Failure to recognize that many laboratory animals live unhealthy lives may be leading researchers to misinterpret their findings, potentially misdirecting efforts to develop theraputic drugs.

The problem, reports a group at the US National Institute on Aging in Bethesda, Maryland, is that many rats and mice used in experiments are so overweight that they are glucose intolerant and heading for an early death (B. Martin et al. Proc. Natl Acad. Sci. USA doi:10.1073/pnas.0912955107; 2010). As a result, data from the animals — about, for example, the effects of an anti-cancer drug — may not apply to normal-weight animals.

"The vast majority of investigators who use rats and mice don't recognize that their normal conditions are relatively unhealthy," says Mark Mattson, chief of the National Institute on Aging's Laboratory of Neurosciences and a co-author on the paper. "The most logical way to extrapolate is to say any data we obtain in the animal model would be more relevant to overweight, sedentary humans than normal-weight, active individuals."

Mattson and his colleagues note that the standard lab practice of allowing rats and mice continuous access to food without much opportunity to exercise can cause some to balloon in weight to up to 1 kilogram. Beneficial effects of a potential drug or behaviour could simply result from its effect on the consequences of an animal's unhealthy lifestyle, they say, and studies showing that caloric restriction can extend lifespan may have to be reinterpreted. "A major reason the lifespan of rats and mice is extended by caloric restriction is they started from an unhealthy baseline," argues Mattson. He and his co-workers identify areas as diverse as immune function, cancer and neurological disorders that could be affected by the problem.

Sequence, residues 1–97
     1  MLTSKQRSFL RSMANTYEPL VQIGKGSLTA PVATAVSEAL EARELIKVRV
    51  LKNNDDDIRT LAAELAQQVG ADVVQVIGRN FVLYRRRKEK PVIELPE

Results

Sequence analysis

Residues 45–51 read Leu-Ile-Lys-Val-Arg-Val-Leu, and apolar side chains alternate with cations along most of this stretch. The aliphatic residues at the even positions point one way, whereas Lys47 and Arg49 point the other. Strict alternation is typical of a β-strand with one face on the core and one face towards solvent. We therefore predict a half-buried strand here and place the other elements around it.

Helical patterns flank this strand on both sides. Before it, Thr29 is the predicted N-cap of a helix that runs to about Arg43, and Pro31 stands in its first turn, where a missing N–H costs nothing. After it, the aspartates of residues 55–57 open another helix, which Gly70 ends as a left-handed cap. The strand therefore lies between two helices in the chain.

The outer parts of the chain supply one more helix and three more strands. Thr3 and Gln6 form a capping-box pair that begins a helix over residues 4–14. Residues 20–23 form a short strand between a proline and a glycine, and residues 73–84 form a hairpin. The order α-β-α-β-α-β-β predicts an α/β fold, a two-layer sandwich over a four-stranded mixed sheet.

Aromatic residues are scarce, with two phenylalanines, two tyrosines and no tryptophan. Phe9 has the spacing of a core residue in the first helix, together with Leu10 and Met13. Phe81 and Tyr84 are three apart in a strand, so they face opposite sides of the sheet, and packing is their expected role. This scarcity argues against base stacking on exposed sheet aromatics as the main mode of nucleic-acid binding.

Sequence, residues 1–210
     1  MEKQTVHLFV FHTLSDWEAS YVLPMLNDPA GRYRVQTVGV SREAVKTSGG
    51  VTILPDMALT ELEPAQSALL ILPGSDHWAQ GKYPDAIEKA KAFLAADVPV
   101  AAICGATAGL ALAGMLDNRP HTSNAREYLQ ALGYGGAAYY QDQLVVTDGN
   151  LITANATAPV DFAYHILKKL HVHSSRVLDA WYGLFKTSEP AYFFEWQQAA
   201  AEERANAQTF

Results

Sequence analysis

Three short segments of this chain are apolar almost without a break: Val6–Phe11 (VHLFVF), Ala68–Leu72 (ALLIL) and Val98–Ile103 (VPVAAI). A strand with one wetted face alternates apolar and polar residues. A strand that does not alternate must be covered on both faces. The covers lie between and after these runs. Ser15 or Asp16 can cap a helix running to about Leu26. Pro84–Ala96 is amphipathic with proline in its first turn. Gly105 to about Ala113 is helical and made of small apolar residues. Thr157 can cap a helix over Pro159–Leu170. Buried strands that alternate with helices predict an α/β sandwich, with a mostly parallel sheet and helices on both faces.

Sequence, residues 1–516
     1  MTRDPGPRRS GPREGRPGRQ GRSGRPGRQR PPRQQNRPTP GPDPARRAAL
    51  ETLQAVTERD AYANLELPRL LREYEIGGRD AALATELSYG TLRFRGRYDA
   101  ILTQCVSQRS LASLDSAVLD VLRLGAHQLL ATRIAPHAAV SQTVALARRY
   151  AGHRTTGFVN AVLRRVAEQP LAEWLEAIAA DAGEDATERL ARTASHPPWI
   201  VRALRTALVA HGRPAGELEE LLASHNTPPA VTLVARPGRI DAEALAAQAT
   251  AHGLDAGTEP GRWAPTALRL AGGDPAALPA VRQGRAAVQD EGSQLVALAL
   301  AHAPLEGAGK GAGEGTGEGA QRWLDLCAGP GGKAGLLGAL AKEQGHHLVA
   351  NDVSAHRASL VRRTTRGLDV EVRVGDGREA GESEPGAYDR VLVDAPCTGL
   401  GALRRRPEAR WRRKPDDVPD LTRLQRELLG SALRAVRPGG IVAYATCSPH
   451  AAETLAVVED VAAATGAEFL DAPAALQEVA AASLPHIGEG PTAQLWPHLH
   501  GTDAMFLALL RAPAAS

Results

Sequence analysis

Mattson says that including running wheels in cages and feeding only on alternate days could solve the 'fat rat' problem, adding that the institutional committees that oversee and approve such experiments should encourage researchers to tackle the problem.

The fat-rat hypothesis is certainly credible, says Robin Franklin, a neuroscientist and director of research at the Department of Veterinary Medicine, University of Cambridge, UK. "But I suspect it's one of many factors that are responsible for the difference between animal models and human diseases," he says, adding that the problem has not been apparent in his research.

Still, Mattson and his colleagues have penned "hundreds of papers using rodent models and are widely known in their field", says Christian Newcomer, executive director of the Association for Assessment and Accreditation of Laboratory Animal Care, a non-profit organization based in Frederick, Maryland, that accredits animal use in many laboratories, including those of the US National Institutes of Health. "I think [the paper] is going to carry a lot of weight."